The four most celebrated holidays are listed in their own chapters.
For the rest of the year the events below are special to USA:
January: Dr. Martin Luther King, Jr. Holiday is marked around his birthday January 14th.
February: Valentines Day is celebrated February 14th with exchange of friendly cards among school children and run on the restaurants in the evening for the older crowd.
Also in February is Presidents Day commemorating the presidents Lincoln (born Feb. 12th) and Washington (birthday Feb. 22nd).
May: Memorial Day is celebrated as a national holiday on Friday before the last weekend in May.
September: Labor Day makes the first weekend in September a three day weekend. School has started, summer is officially over - even if September can be one of the warmer months of the year.
October: Columbus Day Oct. 12th is a controversial holidays that in places has changed name to Indigenous People's Day or Native Americans' Day or is not celebrated at all.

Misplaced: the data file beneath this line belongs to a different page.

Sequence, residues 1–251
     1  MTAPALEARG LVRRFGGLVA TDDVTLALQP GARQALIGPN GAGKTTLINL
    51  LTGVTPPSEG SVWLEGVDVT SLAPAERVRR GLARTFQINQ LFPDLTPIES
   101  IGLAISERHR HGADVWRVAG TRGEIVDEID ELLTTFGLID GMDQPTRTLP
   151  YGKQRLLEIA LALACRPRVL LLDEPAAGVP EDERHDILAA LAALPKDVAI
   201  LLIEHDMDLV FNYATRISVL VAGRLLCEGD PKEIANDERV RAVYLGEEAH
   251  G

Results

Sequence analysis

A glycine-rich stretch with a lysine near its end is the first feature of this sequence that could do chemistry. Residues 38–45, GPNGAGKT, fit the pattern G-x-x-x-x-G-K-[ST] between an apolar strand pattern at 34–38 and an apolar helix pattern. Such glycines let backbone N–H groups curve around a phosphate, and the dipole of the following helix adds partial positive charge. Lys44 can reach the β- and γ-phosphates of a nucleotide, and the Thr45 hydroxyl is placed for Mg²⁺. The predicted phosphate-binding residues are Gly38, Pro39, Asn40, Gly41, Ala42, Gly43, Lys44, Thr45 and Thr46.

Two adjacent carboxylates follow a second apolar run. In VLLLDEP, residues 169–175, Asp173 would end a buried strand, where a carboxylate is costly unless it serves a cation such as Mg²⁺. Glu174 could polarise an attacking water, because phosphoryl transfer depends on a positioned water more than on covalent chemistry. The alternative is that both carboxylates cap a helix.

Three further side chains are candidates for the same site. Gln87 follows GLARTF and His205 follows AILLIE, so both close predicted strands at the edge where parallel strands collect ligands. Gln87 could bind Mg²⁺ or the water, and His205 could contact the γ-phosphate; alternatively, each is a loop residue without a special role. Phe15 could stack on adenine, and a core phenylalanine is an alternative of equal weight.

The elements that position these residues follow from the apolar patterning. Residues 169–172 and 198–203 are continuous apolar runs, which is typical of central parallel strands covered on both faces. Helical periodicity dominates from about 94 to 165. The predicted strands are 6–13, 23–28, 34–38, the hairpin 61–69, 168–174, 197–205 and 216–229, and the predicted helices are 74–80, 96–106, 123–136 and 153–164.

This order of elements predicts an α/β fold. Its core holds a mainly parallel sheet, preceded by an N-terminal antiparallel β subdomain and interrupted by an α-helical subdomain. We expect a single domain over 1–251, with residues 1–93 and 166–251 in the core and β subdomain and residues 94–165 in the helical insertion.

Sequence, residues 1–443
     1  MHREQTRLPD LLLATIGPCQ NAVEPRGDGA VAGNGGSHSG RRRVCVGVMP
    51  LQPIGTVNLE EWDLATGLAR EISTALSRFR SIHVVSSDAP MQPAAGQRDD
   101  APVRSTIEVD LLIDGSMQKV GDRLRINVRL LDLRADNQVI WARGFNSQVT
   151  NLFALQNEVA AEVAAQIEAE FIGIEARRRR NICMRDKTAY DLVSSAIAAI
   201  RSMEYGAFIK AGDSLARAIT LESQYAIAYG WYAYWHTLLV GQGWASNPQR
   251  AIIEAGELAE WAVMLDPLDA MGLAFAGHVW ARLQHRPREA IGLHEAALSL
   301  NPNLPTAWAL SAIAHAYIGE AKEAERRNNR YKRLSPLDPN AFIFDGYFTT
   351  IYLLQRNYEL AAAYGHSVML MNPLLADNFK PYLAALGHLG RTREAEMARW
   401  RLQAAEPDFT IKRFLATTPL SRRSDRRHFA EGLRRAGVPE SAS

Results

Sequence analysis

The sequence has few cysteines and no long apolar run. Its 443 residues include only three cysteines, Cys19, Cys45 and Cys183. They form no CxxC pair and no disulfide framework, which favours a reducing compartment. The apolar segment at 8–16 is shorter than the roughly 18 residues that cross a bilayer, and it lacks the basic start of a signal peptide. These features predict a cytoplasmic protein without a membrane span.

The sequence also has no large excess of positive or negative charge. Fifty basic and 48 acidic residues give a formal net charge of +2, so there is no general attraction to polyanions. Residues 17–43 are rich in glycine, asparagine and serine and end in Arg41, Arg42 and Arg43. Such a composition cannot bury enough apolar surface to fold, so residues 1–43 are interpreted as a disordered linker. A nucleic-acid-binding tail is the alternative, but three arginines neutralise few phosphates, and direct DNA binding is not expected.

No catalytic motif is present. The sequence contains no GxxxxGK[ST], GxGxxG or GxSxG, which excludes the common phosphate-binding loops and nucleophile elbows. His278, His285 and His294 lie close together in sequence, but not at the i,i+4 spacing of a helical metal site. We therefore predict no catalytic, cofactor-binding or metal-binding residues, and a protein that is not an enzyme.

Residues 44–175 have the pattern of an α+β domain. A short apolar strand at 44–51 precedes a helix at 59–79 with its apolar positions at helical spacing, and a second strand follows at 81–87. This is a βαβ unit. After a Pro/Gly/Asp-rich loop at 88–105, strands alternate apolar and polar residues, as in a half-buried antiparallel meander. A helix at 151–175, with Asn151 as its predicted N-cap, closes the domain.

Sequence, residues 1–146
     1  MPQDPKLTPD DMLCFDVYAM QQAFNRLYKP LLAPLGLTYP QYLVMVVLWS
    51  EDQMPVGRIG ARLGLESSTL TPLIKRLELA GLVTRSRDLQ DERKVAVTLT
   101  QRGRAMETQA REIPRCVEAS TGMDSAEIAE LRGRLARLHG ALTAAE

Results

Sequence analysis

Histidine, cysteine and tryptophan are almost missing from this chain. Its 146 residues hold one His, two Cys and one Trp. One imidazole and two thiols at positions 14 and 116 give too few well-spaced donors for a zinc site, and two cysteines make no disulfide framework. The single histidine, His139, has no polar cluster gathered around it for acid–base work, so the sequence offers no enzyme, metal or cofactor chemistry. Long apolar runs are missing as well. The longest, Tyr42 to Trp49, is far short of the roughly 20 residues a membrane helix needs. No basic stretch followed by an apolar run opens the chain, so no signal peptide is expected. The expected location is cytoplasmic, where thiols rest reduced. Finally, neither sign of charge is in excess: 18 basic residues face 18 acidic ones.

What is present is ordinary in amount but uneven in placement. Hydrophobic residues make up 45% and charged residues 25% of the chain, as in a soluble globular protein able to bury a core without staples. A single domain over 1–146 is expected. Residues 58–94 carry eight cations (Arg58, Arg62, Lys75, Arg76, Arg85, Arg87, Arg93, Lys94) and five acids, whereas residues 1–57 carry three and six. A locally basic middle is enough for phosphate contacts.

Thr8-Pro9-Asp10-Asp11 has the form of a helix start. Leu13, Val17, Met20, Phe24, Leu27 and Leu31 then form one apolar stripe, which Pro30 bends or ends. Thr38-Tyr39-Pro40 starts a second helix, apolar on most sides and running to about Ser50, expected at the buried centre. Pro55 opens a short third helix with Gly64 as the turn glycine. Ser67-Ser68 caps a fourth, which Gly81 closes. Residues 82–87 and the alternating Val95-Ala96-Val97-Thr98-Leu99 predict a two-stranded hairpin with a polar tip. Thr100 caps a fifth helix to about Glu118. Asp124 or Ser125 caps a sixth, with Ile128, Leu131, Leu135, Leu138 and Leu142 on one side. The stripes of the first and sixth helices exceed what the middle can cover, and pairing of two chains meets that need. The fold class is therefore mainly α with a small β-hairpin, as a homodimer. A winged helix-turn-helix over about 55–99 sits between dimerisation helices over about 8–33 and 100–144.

November: Veterans Day Nov. 11th is in other countries known as Armistice Day for the armistice of WWI. In USA it honors veterans of wars from WWI and later. There are parades in many places.
December: New Years Eve happens at various times across the continent as each time zone passes midnight. In New York a big ball is dropped on Times Square at midnight EST and this event is replayed on TV every hour until the whole country has entered the new year. As USA hasn't signed the international convention regarding location names of food products you can get American Champagne. The producers with parent companies in France call it Sparkling Wine - not champagne - but regardless of the name it can make for a festive New Year party. Happy New Year.